You can make the process much happier (and faster) by picking a timeframe when everything in your child's life is more-or-less steady. If anything momentous is happening—like a birth of a new sibling, travel, a move to a new home, or an upgrade to a big kid bed—wait until your child seems adjusted to the new setting or routine before embarking on this challenging journey. If you bought a Goodtimer to help with potty training, encourage your child to familiarize themselves with it for a few days prior, and introduce them to its functions by reinforcing other desired behaviors around the home. 

If you've decided that your child is ready to start learning how to use the potty, these tips may help:

  • Choose your words. Decide which words you're going to use for your child's new endeavor, and be careful to avoid negative/potentially shame-inducing words (and facial expressions!) such as "dirty" or "stinky."
  • Prepare the chair. Make sure your child's feet rest on the floor or a steady stool. Also, allow them to initially practice sitting on the potty while fully clothed so they may get accustomed to it.  
  • Get there — Fast! When you notice signs that your child might need to use the toilet (squirming, squatting, or holding the genital area, for example) respond quickly! Help your child become familiar with these signals, and teach them that, when they feel the urge to go, they must stop what they are doing and head to the toilet. Praise your child for telling you when they have to go. 
  • Dress for Success. Keep your child in loose, easy-to-remove clothing throughout the process. Avoid clothes that are hard to take off such as overalls and/or shirts that snap in the crotch. Kids who are potty training need to be able to undress themselves.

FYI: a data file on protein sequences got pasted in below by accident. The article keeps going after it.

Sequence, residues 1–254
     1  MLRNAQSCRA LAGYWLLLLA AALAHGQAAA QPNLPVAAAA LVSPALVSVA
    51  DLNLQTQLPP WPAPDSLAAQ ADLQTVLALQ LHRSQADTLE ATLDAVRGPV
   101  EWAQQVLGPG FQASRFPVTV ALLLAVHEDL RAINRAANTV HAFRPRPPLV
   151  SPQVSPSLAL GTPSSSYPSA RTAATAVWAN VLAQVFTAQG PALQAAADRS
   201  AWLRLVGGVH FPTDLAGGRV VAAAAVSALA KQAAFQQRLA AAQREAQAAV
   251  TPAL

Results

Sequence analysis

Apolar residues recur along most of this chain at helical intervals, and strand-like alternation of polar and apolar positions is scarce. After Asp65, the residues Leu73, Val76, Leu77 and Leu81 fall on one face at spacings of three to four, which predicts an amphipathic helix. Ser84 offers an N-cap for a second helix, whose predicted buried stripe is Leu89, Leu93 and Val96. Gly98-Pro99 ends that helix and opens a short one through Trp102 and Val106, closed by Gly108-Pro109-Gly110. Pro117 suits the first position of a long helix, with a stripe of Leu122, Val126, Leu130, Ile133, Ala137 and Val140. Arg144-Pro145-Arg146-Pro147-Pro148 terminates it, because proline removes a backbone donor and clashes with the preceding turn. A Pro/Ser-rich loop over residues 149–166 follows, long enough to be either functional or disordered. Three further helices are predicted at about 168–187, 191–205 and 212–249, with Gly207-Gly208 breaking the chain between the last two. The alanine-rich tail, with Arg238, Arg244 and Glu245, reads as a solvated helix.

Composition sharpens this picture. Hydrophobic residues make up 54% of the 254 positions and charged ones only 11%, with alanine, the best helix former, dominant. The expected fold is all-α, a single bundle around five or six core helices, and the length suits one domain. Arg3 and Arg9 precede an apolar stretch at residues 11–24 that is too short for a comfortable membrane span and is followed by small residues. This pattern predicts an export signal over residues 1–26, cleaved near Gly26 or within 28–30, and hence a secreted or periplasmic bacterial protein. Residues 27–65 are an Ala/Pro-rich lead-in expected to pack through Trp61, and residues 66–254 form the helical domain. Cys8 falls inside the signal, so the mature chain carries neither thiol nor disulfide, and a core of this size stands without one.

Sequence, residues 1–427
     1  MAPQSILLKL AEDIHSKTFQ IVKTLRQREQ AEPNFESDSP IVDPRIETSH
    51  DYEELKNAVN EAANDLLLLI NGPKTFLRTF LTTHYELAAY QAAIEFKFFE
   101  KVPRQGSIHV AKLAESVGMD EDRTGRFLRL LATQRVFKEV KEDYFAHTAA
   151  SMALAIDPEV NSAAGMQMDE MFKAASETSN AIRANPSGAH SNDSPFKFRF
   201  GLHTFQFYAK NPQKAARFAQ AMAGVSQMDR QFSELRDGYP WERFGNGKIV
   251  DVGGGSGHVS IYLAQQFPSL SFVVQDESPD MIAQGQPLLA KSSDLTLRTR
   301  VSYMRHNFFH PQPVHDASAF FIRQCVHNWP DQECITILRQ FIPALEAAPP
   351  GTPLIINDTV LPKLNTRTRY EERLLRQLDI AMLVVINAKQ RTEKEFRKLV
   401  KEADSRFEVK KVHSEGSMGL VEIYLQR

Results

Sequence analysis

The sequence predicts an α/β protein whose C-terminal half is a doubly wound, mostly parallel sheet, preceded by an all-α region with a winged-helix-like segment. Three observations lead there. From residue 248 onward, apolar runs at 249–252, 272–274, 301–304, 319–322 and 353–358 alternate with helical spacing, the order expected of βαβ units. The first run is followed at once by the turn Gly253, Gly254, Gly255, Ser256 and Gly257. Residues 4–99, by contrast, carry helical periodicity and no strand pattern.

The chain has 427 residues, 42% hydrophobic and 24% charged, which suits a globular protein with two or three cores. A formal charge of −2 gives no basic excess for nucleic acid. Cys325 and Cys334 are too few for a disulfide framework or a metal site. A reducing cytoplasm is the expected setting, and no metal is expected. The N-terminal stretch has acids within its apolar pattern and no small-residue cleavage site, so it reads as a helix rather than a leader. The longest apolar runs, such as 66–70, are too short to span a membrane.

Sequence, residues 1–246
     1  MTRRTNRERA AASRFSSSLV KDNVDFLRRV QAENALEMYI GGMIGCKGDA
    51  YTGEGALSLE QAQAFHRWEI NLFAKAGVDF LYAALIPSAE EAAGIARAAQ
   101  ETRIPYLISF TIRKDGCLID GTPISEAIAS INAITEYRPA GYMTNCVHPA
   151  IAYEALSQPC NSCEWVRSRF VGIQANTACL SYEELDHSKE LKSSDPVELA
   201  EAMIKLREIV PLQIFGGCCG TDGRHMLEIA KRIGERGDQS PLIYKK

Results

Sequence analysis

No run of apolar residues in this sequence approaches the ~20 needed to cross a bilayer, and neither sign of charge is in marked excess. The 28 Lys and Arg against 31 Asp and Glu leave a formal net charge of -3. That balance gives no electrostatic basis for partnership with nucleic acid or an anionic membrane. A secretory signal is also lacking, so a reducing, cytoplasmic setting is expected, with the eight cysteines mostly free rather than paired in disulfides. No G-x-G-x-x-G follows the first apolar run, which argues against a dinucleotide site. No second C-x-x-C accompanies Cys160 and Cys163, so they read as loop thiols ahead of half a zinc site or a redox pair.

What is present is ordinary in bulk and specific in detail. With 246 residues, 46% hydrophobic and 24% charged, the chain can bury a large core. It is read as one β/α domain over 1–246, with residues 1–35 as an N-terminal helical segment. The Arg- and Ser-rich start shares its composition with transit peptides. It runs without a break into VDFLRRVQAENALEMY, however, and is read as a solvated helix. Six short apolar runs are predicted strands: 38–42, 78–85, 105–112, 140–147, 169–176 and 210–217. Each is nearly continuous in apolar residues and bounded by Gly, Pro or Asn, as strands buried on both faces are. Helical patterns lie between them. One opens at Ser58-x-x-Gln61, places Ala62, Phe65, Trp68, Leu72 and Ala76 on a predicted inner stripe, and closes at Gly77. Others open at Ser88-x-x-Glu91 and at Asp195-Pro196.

• Create a house rule. Talk to your child about staying dry, hang a simple rule such as "use the potty" somewhere visible in the home, and create an amazing incentive for your child when they successfully meet their goals. Start small, e.g., initially challenge them to stay dry for a short period of time while you gauge what your toddler is capable of. Consider letting your child pick out a pack of underwear as incentive and, as they successfully make it to the potty in time, let them earn each pair of underwear in exchange for a token from their Goodtimer. 
  • Show and tell. Show your child how you sit on the toilet and explain what you are doing.
  • Give an “A” for effort. Praise all attempts to use the toilet, even if nothing happens. Accidents will happen, so it's important not to punish potty-training children or show disappointment when they have an accident. Instead, reassure your child that they are doing a great job trying and everyone makes mistakes. 
  • Ditch the diapers. After a couple of weeks of successful potty breaks and remaining dry during the day, your child might be ready to trade diapers for training pants or underwear. Be sure to celebrate this milestone!
  • Failure to launch. Let your child return to diapers if he or she is unable to remain dry to keep the transition as positive for everyone as possible. Remember, every unique child becomes ready in their own time. It is also not uncommon for children's bodies to accomplish dry days before they can accomplish dry nights. Give it time, and reward any ounce of progress along the way.

Potty training is a unique journey for each child and parent. Patience and understanding are the keys to success, and your Goodtimer is an incredible tool to motivate and support your child during this transition. Remember to praise your child's efforts even when accidents happen! Each child is unique and age of readiness varies, so allow yours to progress at their own pace. Your support will make the journey a smoother one for your family.